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Usability of simplified audiometry and electrocardiogram during treatment of drug-resistant tuberculosis in Mozambique: a qualitative study



In 2021, there were approximately 450,000 cases of drug-resistant tuberculosis (DR-TB) worldwide. The treatment of DR-TB historically included expensive and toxic injectable drugs leading to adverse effects including ototoxicity and Electrocardiogram (ECG) abnormalities. This study described the perspectives of healthcare providers and people with DR-TB on the usability of simplified audiometry and ECG for monitoring treatment adverse effects.


A qualitative study was conducted in December 2019 across four provinces in Mozambique, namely Maputo, Gaza, Zambézia, and Nampula. Sixteen outpatient primary care health facilities equipped with simplified Audiometry and/or ECG devices (specifically, SHOEBOX Audiometer® and/or SmartHeart Pro ECG®) installed for at least 6 months before the study initiation were selected. The data was collected using in-depth interviews (IDI) and Focus Group Discussions (FGD) techniques. Interviews were audio-recorded, transcribed verbatim in Portuguese, coded, and analyzed using Nvivo 12 software®. We generated two themes and fit our results into a conceptual framework consisting of three domains in the implementation of technological innovations in health.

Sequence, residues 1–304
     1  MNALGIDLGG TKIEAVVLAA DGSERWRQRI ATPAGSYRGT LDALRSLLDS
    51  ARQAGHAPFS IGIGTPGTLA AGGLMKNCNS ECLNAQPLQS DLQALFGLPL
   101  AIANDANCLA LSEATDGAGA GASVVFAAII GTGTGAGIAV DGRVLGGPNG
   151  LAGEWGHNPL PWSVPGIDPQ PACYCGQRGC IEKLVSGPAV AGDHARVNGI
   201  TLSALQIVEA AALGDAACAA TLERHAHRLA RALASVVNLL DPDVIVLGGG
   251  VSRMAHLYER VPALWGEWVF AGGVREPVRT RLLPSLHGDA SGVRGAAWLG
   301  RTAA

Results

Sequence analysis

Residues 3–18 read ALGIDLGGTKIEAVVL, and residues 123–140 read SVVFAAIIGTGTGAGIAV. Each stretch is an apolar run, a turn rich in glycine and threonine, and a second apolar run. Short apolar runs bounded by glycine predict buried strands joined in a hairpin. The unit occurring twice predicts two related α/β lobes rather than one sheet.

A total of 16 healthcare providers and 91 people undergoing treatment for DR-TB were enrolled in the study. Most people with DR-TB had experienced audiometry testing and demonstrated a good understanding of the assessments. Conversely, while most healthcare providers demonstrated robust knowledge of the importance of both audiometry and ECG assessments, they were not confident in managing ECG devices and interpreting the results.


While healthcare providers demonstrated a consolidated understanding of the importance of audiometry, the limited number of devices and lack of training were constraints, impeding optimal usage and service delivery.